Hard To Satisfy…And Yet Easy To Please

by Fr Gabriel-Allan Boyd

Chisel & Stone.jpg

About twenty-five years ago, I was watching a TV magazine show that I’ll never forget. A spectacular cathedral was being built to worthily give honor to God, and so, a reporter and his camera crew had come to do a story on all of it. Since there were a substantial number of remarkable statues and carved reliefs throughout the inside and outside of the cathedral, it wasn’t long before the reporter sharpened his focus upon the elderly, master-stone-carver who was in charge of creating all of these inspirational images.

The correspondent asked the sage-sculptor about his philosophy of carving. He was unexpectedly erudite and contemplative about his craft. And as the interview progressed…there in the background was a teenager, who looked like he could be no older than about 17, chipping away at a large piece of marble…tink, tink, tink. Yet, the old-master continued, undistracted, talking about line and space and the movement that’s been frozen within the stone, just waiting there all those years for him to release its energy. The old-sculptor continued expounding upon his careful process of working out his intentions for each piece of sculpture. Still, all that time in the background, there was this young boy, who kept chipping away at that formidable piece of marble…tink, tink, tink.

Finally, the distracted interviewer had to ask about the young boy in the background. The old-master said, “Oh, that’s just my young apprentice. I’m teaching him to become a sculptor. He’s helped with a good number of the images and decorative designs we’ve already installed here at the cathedral.” The interviewer remarked at how young and inexperienced the boy looked…and how demanding the old-sculptor would have to be with him in order for the statues to maintain such artistry. The old-master affirmed, “Yes, he’s quite young and inexperienced…and yes, I’m especially demanding of him.” The reporter then inquired, “Aren’t these pieces of marble expensive?” The elderly-sculptor affirmed once again, “Yes, they are. No expense was spared in building this magnificent cathedral.” The correspondent inquired further, “Well, how does such a young man know what to do? Isn’t there the possibility of him making a mistake?” The aged-master explained further that he gives the boy a pretty good set of instructions on what he wants done with each piece of stone…and yet it does happen occasionally where the young boy does make a rare mistake. “It’s to be expected for someone so inexperienced,” he chortled, rather indifferently.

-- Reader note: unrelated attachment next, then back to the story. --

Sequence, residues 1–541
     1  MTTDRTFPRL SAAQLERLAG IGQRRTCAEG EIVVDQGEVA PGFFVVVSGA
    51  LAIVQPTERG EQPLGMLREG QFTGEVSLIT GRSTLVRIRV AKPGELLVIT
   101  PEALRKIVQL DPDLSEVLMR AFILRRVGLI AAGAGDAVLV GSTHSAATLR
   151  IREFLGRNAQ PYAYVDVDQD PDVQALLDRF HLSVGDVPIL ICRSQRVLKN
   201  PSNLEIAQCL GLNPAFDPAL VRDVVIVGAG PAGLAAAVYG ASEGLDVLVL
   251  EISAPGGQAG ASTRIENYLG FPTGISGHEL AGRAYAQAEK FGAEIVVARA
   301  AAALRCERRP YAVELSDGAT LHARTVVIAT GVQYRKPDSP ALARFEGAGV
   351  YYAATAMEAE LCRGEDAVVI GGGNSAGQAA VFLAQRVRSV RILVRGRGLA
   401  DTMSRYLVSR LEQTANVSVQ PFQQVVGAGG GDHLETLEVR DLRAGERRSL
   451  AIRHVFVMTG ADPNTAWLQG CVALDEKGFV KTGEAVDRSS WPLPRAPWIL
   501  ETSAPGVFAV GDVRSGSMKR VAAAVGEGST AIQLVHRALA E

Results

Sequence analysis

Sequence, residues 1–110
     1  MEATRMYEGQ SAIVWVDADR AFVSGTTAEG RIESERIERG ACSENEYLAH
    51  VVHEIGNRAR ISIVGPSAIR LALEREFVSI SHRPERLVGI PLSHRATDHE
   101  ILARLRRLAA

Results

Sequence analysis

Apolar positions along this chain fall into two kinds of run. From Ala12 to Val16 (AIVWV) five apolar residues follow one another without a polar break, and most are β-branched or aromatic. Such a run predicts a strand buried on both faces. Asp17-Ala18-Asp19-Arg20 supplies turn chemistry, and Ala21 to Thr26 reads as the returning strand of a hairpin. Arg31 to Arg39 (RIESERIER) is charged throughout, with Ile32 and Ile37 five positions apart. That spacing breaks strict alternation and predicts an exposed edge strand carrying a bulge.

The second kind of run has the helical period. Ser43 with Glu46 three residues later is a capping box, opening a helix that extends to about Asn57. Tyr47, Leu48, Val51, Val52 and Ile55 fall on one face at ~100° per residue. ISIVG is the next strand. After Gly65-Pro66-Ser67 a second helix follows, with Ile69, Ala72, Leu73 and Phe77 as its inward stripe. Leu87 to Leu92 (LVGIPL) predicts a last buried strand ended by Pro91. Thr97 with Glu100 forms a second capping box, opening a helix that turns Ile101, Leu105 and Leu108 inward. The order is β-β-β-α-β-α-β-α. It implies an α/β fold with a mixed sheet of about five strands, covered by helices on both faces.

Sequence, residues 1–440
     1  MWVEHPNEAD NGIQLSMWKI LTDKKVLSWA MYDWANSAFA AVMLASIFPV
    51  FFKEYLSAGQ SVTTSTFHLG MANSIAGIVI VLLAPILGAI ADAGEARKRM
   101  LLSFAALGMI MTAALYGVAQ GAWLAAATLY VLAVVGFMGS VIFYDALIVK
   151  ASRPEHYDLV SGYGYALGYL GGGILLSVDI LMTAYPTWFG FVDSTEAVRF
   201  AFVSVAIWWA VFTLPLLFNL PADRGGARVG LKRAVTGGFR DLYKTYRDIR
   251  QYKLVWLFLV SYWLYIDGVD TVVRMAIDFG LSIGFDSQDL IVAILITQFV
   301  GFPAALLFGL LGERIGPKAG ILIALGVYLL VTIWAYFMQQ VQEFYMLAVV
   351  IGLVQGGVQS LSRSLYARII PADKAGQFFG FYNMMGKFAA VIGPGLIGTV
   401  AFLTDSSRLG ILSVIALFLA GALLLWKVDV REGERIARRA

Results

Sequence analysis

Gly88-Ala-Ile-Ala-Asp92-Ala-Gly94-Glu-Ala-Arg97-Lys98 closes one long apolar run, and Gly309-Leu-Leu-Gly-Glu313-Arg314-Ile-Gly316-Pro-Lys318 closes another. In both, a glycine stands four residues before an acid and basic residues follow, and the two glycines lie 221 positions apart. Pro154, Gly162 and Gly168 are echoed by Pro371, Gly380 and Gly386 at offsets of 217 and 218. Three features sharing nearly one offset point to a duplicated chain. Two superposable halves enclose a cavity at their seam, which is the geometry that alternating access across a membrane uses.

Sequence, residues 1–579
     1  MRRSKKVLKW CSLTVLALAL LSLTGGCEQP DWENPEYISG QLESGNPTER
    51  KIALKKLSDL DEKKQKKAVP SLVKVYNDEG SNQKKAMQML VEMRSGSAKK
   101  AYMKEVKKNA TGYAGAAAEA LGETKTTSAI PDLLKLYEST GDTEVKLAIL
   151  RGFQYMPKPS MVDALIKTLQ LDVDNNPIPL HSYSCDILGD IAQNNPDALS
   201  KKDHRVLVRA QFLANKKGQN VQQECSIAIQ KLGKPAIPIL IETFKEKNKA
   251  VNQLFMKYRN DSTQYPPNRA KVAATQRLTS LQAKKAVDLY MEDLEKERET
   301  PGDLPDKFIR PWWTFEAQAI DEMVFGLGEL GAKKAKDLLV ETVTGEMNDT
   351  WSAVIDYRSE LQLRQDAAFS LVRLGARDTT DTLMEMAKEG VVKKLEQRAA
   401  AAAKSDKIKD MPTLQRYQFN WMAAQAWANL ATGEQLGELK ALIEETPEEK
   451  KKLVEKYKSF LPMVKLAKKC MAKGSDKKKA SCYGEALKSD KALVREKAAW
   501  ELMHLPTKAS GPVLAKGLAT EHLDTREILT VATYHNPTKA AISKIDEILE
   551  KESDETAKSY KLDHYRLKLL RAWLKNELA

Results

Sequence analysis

That little piece of information just didn’t make sense to the interviewer. “But what if the apprentice is chipping away at the marble, and he slips, and he accidentally cuts off a nose or an ear of some masterpiece?” The master sculptor exclaimed with whimsical indifference, “It’s OK, we’ll turn it into some other decorative object to adorn this cathedral. It’s kind of like how God is with us, He’s hard to satisfy…and yet easy to please.”

Wow! That stuck. It was a statement that I’ve continued to remember all these years later. Why? Because people tend to think of God in only one or the other of those two characteristics. Some people think that God is exacting and hard to satisfy, pouring out His wrath on those who fail to follow His instructions to the letter of the law. Others think that God makes no demands on them at all…loving them according to whatever their definition of love is…so that everything they do pleases Him, no matter what they do. Yet, when one takes either of those scenarios and plays them out to their consequential end, they each fall far short of the God of the scriptures. God is actually both—hard to satisfy and easy to please—and we have to understand why both of those make so much sense alongside each other when we think of God. So if God is hard to satisfy…and easy to please, what’s that supposed to look like in your life?